Because anything we’re going through, any lack we’re suffering—when God’s plans the forecast—we can be sure that it’s growing something good. And big. The certainty of who Jesus is delivers us and pours life down on us. We don’t have to-do, re-do, and over-do. We simply must look up. Because GOD WILL MAKE IT RAIN.

TWEETABLE
He Will Make It Rain – encouragement when life is hard from @DuewelBeth on @AriseDailyDevo (Click to Tweet)

beth duewel (2)
fix her upper reclaim your happy space

About the author: Beth Duewel is a writer, speaker, and blogger at Fix-Her-Upper.com. She has three almost adulting children, and lives with her husband in Ashland, Ohio. Beth and her coauthor, Rhonda Rhea, are super excited about their new book,  Fix Her Upper: Reclaim Your Happy Space.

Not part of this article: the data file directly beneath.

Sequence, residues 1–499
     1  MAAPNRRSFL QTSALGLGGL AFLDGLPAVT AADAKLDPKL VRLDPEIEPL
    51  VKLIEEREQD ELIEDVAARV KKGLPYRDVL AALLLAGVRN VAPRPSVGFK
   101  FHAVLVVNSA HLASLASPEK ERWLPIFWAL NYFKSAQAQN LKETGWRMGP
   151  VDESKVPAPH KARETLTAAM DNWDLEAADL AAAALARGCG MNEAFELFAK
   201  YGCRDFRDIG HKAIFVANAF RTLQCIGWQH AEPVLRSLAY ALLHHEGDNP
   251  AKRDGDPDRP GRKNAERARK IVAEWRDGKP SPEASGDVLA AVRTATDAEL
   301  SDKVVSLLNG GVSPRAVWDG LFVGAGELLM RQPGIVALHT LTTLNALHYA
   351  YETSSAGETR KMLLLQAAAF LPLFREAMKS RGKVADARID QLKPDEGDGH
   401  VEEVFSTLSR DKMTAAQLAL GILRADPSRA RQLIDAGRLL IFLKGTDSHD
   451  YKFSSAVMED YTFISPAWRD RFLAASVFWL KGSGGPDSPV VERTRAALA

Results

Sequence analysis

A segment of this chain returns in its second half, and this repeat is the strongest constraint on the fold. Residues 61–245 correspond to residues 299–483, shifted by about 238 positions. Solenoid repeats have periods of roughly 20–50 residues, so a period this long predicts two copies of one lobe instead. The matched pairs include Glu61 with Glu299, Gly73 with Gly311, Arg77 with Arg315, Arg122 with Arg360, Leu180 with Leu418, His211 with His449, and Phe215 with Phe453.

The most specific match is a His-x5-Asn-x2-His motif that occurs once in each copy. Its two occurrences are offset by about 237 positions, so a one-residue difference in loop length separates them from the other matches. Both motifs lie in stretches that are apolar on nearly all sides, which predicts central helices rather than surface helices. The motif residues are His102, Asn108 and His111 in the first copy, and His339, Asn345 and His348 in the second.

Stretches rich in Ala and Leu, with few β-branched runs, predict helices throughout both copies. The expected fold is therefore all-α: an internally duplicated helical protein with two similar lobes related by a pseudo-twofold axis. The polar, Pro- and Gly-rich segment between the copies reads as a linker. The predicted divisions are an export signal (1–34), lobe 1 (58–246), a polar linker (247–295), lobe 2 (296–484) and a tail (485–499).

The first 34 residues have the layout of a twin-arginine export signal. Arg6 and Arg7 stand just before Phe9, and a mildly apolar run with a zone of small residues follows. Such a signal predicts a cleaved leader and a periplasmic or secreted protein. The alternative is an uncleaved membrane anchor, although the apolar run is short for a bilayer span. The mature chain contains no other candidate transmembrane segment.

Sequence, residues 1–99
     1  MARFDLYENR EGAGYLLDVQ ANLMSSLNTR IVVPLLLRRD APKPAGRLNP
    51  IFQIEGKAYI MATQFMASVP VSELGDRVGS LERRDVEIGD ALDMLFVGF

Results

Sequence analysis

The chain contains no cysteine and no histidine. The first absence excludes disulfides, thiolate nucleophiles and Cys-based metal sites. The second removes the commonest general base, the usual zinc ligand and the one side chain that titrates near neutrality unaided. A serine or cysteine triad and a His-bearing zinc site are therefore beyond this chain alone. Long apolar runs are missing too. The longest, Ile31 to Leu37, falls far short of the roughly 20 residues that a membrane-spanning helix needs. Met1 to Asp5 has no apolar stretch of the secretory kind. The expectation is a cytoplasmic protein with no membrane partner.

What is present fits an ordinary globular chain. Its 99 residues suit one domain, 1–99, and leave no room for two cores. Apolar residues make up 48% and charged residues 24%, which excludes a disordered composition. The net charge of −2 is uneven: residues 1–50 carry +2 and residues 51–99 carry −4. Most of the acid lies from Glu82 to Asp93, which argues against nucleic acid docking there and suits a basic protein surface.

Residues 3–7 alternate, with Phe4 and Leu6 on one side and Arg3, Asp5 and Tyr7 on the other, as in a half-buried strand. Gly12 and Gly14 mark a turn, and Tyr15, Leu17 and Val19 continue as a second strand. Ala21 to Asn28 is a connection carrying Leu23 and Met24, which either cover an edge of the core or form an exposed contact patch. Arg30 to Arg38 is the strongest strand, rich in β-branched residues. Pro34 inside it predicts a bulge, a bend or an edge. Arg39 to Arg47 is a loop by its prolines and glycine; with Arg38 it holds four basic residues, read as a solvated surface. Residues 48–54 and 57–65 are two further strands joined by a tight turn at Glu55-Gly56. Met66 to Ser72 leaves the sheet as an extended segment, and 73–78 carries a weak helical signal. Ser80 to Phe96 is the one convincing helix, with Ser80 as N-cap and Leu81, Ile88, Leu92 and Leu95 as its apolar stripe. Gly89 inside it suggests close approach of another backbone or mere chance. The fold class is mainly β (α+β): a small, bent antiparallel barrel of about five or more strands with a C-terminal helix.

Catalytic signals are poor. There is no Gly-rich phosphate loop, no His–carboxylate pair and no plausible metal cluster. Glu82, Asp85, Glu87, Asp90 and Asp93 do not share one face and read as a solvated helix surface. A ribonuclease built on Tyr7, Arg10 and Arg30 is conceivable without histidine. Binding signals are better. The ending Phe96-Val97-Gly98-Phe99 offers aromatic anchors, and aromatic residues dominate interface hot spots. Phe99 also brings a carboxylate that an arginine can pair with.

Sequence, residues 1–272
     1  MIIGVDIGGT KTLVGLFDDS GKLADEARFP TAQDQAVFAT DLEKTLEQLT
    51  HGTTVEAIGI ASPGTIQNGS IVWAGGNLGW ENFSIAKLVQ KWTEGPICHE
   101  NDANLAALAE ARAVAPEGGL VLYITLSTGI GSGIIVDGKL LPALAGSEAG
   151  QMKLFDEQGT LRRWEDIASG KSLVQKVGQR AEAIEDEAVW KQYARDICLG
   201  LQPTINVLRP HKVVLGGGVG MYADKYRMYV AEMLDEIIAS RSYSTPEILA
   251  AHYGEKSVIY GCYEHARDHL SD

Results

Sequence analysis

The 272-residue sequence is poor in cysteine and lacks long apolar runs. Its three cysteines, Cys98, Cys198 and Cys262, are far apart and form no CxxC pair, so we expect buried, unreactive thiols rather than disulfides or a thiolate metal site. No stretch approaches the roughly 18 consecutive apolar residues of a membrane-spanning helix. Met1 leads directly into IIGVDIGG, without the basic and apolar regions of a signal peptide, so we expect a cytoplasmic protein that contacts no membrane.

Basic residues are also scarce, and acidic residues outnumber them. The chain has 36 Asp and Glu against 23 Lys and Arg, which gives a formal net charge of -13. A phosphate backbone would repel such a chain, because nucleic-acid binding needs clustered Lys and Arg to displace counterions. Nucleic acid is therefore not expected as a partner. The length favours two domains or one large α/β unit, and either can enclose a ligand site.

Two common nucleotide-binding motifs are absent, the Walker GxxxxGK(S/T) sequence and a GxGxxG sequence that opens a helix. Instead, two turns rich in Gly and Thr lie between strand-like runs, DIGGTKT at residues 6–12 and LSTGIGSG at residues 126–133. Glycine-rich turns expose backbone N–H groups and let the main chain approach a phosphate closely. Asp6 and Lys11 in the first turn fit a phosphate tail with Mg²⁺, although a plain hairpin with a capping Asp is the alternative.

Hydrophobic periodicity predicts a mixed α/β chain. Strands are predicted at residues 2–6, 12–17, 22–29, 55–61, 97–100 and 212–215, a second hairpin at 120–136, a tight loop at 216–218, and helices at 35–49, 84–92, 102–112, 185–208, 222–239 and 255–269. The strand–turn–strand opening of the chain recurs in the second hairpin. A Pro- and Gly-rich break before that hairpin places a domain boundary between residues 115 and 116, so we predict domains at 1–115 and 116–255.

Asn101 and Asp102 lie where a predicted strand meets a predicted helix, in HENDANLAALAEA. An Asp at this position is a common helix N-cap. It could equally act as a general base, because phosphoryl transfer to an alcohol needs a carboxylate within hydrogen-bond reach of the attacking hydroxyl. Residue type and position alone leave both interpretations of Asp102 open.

Join the conversation: Has God grown bigger for you through a drought?

Let Go

by Terri Gillespie @TerriGMavens

For the earth will be filled with knowing the glory of ADONAI [the LORD], as the waters cover the sea. Habakkuk 2:14, TLV

We thought it was safe. The Missouri River had a long sandbar that was invisible from the shore. A group of people ran over it making them appear to be walking on water. Of course, we wanted to do it, too. So, my daughter, three of my nieces, and my sister-in-law and I skipped and laughed all the way to the end—which dropped off suddenly, in the middle of the rushing river current!

I was the last person to hit the undertow. I tried to swim back to the shallows but went nowhere. All I could do was keep myself from being dragged under the water. Within seconds I was exhausted from fighting to stay afloat. Part of me wanted to just give up—until I watched in horror as my daughter and nieces frantically tried to keep from going under.